Statement on MacLean, Livingstone, Delaney and Disability Rights Coalition of Nova Scotia v. Province of Nova Scotia Remedy Decision
Autistics United Nova Scotia strongly condemns the insufficient compensation by the Nova Scotia Human Rights Commission's board of inquiry in the case of Beth MacLean, Joey Delaney and the late Sheila Livingstone.
It is important that the board of inquiry did recognize that Beth, Joey and Sheila suffered discrimination and violence while institutionalized at Emerald Hall, and that they should receive compensation from the province for it. We must also commend the order to have Beth and Joey placed in community-supported housing and that the progress on this will be monitored. However, we object to the comments by the board chair of the inquiry, Walter Thompson, used to justify the amount of compensation.
Mr. Thompson said, “Joey Delaney is so disabled that payment to him of a very large sum will not have a greater impact on his life than a moderate sum. Beth MacLean does have capacity but the potential benefit to her of a very large damage award is limited.”
Particularly troubling is when Mr. Thompson said that Beth, Joey and Sheila have “a lack of capacity to benefit from the fruits of a (larger award).”
This kind of statement is extremely ableist. It is shockingly similar to what many people often say in support of sheltered workshops, where disabled people work for mere pennies on the dollar. When disability rights activists call for sheltered workshops to be closed, their parents often intervene, with statements such as:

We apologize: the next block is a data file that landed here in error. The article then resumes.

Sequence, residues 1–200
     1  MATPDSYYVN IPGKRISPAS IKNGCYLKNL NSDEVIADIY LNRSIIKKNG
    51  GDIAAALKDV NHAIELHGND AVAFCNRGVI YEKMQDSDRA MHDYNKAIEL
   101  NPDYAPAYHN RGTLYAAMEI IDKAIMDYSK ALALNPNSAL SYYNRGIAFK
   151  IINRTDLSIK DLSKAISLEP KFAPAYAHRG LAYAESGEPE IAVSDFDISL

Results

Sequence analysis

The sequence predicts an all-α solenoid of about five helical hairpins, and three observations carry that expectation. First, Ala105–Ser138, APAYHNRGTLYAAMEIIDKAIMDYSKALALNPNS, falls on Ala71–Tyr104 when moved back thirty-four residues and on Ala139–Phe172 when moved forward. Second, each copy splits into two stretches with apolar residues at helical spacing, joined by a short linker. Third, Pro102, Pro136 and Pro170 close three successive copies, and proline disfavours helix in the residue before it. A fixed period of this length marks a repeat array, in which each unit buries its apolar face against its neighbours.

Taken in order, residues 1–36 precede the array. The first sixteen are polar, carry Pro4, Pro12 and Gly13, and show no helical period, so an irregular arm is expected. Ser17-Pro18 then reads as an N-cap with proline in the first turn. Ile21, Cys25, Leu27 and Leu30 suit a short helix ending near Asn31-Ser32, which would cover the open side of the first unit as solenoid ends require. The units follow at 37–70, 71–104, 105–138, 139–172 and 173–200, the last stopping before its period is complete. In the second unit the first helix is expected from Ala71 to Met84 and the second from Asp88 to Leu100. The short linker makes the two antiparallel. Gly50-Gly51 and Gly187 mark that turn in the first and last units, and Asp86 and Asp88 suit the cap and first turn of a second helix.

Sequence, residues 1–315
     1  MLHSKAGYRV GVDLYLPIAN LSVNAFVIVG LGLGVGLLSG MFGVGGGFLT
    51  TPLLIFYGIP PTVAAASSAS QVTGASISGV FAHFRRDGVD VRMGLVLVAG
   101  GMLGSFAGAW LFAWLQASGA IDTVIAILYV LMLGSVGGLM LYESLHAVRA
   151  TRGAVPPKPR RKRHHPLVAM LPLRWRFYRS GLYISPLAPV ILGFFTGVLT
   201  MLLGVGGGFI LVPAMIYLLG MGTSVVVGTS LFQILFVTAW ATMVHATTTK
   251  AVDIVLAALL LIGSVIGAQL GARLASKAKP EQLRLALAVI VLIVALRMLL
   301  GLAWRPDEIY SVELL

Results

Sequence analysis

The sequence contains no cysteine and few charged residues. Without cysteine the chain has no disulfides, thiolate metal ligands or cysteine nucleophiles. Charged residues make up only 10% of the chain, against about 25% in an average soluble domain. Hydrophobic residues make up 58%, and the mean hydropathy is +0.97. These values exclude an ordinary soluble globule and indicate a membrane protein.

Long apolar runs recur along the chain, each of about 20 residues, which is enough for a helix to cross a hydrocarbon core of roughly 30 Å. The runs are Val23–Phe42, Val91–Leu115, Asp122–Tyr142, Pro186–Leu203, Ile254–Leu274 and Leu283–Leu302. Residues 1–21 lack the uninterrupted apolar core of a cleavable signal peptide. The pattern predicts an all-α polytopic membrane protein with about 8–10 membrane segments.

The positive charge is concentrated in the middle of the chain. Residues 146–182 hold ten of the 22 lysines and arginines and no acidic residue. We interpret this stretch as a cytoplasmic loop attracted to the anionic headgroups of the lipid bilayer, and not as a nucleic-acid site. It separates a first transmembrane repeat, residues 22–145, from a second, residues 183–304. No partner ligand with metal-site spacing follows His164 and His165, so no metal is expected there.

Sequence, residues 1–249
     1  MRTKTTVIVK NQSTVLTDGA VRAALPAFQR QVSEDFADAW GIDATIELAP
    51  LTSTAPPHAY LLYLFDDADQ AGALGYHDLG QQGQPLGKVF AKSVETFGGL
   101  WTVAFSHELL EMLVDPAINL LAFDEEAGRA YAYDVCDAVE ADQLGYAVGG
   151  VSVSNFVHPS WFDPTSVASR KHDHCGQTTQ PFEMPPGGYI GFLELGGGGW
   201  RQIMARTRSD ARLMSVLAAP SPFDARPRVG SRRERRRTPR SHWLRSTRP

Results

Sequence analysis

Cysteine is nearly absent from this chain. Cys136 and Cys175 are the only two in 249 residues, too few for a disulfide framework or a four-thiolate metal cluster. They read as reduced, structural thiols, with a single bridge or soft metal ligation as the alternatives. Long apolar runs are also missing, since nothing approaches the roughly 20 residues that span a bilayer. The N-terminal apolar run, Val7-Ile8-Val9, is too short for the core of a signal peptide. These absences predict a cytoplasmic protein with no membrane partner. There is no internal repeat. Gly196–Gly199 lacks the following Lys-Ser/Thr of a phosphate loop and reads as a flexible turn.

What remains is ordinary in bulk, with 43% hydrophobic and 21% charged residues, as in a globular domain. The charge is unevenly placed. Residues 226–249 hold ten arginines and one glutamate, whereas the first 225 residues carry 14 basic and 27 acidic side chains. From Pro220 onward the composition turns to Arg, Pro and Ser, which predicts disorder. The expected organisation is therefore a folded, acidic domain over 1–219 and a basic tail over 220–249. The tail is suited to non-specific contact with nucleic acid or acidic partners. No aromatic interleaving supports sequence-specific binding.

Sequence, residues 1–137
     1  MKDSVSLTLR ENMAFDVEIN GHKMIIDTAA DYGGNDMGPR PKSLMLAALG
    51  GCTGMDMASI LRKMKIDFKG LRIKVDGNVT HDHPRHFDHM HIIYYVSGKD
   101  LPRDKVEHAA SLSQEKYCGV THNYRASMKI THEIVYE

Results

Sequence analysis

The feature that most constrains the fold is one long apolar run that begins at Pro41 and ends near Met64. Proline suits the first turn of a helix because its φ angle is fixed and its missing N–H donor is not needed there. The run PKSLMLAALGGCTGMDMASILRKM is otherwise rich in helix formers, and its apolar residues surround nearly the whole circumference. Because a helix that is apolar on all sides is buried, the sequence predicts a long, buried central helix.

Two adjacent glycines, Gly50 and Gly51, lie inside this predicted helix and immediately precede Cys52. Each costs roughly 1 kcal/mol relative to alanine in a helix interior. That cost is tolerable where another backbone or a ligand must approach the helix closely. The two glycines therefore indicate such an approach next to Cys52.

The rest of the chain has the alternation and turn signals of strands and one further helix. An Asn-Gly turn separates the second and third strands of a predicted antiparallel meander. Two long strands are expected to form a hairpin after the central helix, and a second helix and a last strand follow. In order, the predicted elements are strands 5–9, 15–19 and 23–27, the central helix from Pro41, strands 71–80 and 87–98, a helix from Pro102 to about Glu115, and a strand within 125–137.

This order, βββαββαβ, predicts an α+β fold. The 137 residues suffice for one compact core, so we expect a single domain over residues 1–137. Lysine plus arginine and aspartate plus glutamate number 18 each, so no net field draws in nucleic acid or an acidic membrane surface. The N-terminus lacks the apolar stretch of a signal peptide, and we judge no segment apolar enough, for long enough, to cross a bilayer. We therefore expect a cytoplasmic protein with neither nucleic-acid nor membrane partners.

“My son is 37. He can’t read or write. He’s not worth $14 an hour, but he is worth something.”
Mr. Thompson called it compensation for “soul-destroying” institutionalization, yet he still awarded Beth MacLean a mere $5,263 per year for each of the 19 years she spent confined in prison-like conditions. She lost 19 years of her life. This decision communicates that disabled lives have a low monetary value.
Our human worth and dignity are not determined by our perceived competence and ability. Moderating the amount of compensation based on disability is discriminatory. The implication is that the harm suffered does not matter as much if it happens to a disabled person.
Mr. Thompson also said that the province did not discriminate against others in similar situations because it is commonplace. However, just because discrimination is common does not mean that it does not exist or that it does not have similar long-term damaging effects on other disabled people.
While it is probably too late to increase the amount of compensation awarded, we call on Mr. Thompson to immediately retract and apologize for his comments suggesting that disabled people are not entitled to large damage awards on the sole basis of their disabilities. We also urge the provincial government and the Human Rights Commission to address larger issues of neglect in institutionalization as the widespread crisis that it is.